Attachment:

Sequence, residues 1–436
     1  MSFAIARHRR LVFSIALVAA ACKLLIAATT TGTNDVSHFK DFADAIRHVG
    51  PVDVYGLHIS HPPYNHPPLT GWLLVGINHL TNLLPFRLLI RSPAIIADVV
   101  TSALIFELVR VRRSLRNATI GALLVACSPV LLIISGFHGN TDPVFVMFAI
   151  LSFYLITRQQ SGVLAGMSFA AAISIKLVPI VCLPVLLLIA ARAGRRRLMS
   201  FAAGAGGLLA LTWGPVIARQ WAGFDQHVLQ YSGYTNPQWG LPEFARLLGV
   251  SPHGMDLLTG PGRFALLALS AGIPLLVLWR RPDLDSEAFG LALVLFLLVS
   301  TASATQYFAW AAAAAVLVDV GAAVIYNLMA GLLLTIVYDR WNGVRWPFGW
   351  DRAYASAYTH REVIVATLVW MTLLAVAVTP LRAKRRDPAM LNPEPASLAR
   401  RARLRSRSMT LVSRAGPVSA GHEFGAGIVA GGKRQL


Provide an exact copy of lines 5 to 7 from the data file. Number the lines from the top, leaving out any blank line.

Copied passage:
   151  LSFYLITRQQ SGVLAGMSFA AAISIKLVPI VCLPVLLLIA ARAGRRRLMS
   201  FAAGAGGLLA LTWGPVIARQ WAGFDQHVLQ YSGYTNPQWG LPEFARLLGV
   251  SPHGMDLLTG PGRFALLALS AGIPLLVLWR RPDLDSEAFG LALVLFLLVS